CCEP urges caution, not panic, as H1N1 reaches full-scale pandemic level

CCEP urges caution, not panic, as H1N1 reaches full-scale pandemic level
With the H1N1 virus boosted today from a level five pandemic alert to a level six – out of a possible six levels – by the World Health Organization (WHO), the Canadian Centre for Emergency Preparedness (CCEP) is urging communities and companies to exercise caution as they prepare for the full-scale pandemic.

“In many respects, we have already been at level six for several weeks and the severity of the virus hasn't increased, so people shouldn't be unnecessarily alarmed,” said Adrian Gordon, President of CCEP, co-organizers of the World Conference on Disaster Management, which will take place in Toronto from June 21 to 24, with a major focus on pandemic planning. “Still, communities and organizations should understand the implications and prepare themselves, particularly when it comes to travel.”

The U.N. Health Agency has announced that the incidence of H1N1 flu increased to 27,700 cases in 74 countries. This includes a growing outbreak in Australia, where more than 1,000 cases have been identified in the state of Victoria alone. Most incidents have been mild and so far only 141 total deaths have been reported worldwide.

The criteria for phase 6, which signals a full, global pandemic, includes sustained human-to-human transmission of the disease in at least two countries as well as community-level outbreaks in at least one other country in a different region of the world (in this case, the identified countries are Mexico, the U.S. and now, Australia).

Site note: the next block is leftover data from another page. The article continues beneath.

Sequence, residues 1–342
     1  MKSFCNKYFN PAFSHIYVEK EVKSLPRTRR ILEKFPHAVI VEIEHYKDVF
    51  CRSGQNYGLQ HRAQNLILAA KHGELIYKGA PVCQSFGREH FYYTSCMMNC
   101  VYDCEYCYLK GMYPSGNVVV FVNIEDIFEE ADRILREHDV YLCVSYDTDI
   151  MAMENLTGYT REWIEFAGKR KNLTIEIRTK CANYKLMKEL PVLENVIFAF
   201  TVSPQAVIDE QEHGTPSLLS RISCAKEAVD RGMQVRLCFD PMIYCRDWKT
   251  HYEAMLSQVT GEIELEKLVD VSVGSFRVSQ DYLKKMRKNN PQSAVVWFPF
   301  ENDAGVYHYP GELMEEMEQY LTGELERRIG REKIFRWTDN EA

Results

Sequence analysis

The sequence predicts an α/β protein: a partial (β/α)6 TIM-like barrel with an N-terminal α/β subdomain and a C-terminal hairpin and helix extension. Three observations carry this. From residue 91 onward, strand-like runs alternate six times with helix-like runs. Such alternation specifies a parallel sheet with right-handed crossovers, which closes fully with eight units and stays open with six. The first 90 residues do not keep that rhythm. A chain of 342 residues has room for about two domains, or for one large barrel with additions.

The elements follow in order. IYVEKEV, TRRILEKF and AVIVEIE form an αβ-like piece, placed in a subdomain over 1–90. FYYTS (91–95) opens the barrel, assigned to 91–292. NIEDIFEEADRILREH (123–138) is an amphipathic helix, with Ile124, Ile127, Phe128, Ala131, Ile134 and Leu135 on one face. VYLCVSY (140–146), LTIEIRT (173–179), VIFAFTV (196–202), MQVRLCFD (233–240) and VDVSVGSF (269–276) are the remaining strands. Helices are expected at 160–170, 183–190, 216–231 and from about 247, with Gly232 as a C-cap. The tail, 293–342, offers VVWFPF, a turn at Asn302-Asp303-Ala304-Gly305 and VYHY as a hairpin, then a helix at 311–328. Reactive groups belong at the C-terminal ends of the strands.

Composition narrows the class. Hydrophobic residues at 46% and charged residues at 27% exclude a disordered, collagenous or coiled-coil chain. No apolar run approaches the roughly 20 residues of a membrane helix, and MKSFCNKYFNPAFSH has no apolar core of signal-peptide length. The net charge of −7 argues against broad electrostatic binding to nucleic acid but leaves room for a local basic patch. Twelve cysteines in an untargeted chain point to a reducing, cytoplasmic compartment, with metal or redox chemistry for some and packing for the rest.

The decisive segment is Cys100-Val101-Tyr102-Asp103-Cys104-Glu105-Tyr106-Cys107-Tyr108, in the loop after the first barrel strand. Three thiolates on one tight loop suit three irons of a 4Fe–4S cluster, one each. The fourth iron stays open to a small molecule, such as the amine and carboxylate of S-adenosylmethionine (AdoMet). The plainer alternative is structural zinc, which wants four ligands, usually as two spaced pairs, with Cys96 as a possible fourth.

Recognizing that many organizations use the WHO alert levels as a trigger to execute their pandemic plans, including automatic travel restrictions, Gordon cautioned that they should not immediately execute their plans or restrict travel by their employees now that the level six alert has been announced.

“We strongly advise communities and organizations to adopt a wait-and-see policy and act on advice from their local health authorities as well as their provincial or territorial ministries of health and the Public Health Agency of Canada,” he said. “At the same time, any community or organization that does not have a pandemic plan in place is strongly advised to do so without delay.”

While CCEP encourages continued travel unless notified otherwise by local authorities, those who do so are still urged to take precautions when travelling. For example, CCEP suggests:

• Washing hands frequently and carrying a hand sanitizer at all times;
• Coughing and sneezing into a sleeve or tissue;
• Avoiding unnecessary contact, such as shaking hands;
• Avoiding travel if you feel sick or think you might be sick.

The upcoming World Conference on Disaster Management ( will address these and many other aspects of planning for a flu pandemic through its many sessions presented by leading Canadian and International speakers.